Man (remember how you used to use that word for emphasis?) well, man, could it be that I have finally come to the place you knew so well? The place where things intersect? The great place where faith, life and art intersect?
I believe I have.
Art is about having freedom to create from the best place within us. Those big volumes of artists and painters we were exposed to growing up still live on our bookshelves. I used to love to walk through those pages as a kid.
Art and music, theatre and dance left their impressions.
Remember how Mom would play that record “Major Classics for Minors”? The kids on the cover even looked like us sitting there in front of the piano being a good audience in that wide open room. Dad made shelves for books and Mom’s music and metronomes and things. I don’t remember any furniture. His trumpet, that you eventually learned to play, sat underneath her piano, the harpsichord, and maybe a violin. The instruments multiplied. Soon John’s trombone joined them, Joanie’s flute, a guitar, maybe two of them.
I learned to play that piano.
It was a space to create, a place to spread out, or stand up, to dance around, or just gaze out the tall window facing west with the view of the field where we’d ride horses and later snowmobiled. You guys would mostly.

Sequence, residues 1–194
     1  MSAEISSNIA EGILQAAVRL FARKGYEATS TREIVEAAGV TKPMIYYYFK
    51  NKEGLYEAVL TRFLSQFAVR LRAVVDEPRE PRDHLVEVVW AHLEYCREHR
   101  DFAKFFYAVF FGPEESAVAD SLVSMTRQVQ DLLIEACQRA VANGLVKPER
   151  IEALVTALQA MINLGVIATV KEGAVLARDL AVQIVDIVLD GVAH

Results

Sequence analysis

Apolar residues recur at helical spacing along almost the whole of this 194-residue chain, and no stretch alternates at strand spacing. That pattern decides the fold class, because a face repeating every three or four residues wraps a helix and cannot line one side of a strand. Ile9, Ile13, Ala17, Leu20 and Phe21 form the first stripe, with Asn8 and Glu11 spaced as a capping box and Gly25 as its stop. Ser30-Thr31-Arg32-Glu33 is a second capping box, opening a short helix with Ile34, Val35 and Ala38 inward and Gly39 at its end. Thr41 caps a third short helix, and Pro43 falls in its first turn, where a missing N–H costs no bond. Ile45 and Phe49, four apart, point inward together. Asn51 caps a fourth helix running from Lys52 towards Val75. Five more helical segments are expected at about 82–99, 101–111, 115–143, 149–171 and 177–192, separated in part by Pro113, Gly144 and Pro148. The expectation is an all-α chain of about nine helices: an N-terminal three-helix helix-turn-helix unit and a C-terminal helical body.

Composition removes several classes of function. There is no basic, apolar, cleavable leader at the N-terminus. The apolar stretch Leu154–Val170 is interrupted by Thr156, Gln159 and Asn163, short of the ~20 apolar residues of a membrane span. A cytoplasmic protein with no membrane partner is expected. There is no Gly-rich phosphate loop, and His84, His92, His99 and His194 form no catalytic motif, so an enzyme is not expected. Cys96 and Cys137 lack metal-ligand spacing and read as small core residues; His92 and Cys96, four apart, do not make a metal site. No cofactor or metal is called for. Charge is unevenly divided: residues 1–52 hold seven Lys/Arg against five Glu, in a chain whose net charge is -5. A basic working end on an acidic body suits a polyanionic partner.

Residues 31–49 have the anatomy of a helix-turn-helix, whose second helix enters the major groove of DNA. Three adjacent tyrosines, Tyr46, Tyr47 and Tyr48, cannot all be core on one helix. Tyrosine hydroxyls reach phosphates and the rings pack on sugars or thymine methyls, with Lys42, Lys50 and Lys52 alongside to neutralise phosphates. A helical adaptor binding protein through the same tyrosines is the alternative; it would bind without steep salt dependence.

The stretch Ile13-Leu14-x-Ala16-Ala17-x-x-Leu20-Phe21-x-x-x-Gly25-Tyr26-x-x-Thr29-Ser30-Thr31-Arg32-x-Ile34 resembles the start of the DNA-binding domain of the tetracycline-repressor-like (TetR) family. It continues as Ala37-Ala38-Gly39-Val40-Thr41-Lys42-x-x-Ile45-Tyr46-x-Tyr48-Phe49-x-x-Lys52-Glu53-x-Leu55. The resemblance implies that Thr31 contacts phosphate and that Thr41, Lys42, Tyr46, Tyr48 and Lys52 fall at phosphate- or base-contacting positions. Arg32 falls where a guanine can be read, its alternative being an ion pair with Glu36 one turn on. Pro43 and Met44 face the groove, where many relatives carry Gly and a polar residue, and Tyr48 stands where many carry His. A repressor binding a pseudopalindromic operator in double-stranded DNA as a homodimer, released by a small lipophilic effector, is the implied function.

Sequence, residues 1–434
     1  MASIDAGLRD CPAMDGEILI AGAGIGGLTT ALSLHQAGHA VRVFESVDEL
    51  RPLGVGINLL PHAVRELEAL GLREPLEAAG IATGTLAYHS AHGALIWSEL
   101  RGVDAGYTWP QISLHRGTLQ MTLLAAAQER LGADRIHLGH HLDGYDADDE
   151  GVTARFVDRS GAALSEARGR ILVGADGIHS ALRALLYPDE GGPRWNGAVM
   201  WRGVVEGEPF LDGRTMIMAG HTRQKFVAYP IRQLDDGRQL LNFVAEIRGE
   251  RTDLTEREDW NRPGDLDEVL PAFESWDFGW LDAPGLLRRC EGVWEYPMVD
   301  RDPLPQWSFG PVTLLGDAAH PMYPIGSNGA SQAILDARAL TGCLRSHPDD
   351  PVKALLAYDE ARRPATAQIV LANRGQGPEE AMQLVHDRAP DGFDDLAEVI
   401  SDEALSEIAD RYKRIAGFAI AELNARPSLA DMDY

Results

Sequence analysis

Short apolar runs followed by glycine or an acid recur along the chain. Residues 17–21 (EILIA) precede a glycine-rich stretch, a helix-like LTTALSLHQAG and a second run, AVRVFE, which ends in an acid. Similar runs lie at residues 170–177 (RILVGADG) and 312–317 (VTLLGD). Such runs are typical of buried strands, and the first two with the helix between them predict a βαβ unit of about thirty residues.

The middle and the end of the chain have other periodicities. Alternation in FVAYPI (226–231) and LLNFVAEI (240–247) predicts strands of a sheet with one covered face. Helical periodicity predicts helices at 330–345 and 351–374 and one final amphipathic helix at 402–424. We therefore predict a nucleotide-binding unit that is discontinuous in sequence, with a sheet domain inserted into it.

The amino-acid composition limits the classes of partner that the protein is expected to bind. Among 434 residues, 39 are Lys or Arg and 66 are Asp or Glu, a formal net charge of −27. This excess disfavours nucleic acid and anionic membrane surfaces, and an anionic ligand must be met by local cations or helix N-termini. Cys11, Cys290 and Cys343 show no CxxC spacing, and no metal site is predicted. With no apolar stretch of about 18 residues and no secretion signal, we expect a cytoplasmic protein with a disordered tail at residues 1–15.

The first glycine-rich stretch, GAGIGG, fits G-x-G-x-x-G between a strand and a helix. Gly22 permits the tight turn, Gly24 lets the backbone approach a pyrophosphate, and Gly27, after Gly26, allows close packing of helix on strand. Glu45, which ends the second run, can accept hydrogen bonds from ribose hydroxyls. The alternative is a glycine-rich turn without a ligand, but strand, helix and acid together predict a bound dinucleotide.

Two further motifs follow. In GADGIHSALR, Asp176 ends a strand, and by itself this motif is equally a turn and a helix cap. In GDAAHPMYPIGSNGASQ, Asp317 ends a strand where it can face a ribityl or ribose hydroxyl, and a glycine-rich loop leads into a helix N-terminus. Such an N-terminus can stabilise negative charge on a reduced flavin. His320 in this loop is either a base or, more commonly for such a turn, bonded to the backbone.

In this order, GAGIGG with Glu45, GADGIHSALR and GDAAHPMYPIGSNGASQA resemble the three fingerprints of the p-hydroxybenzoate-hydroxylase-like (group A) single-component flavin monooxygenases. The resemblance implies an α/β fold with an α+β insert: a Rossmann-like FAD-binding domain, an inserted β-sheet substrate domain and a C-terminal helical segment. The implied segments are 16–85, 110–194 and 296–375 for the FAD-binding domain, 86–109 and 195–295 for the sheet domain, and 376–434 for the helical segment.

Mostly, I preferred to wander.
The snow would pile up so high Dad had to put up a snow fence so our long driveway could still be shoveled. I don’t know, maybe it was plowed. Probably so. But I could watch the snow fall from the girls’ bedroom, landing like great white fluffy quilts spreading out all over the great wide open expanse of the fields. The boys bedroom faced the Maples. Sorry about that.
The trees blocked the light and the good view we girls had.
Those were magical days, weren’t they? But I’m getting off point. Or maybe that is the point. We had such a good childhood with parents who loved us and provided food, clothing and a warm place to live. Parents who exposed us to faith and life and art.
That has had its lasting impact on each of our lives.
I’m afraid to share about all that these days because our world is hurting so horribly, Ed. These wars are horrific. Last night making dinner, I stood frozen in the kitchen as Todd and I listened to a man’s heart-wrenching story, separated from his family, not knowing where they were.
Not knowing if they were dead or alive.
When you were taken from us, our world was turned upside down. It has never been the same. But that’s different. I was able to hold your warm hand and know that you had gone to a better place ahead of us. I knew then, we would see you again.
That made all the difference.
So I hesitate writing about music and meadows covered with snow, while there is such great suffering all over the world, but since this is a letter to you, I have given myself permission. And that’s what comes to me when I think of you—meadows and music. That and the realization of how you came to a point in your life when your faith, life and work became one. Your goal became to one day hear the words, “Job well done, good and faithful servant.” How did that feel when you heard it? Because I’m certain you did.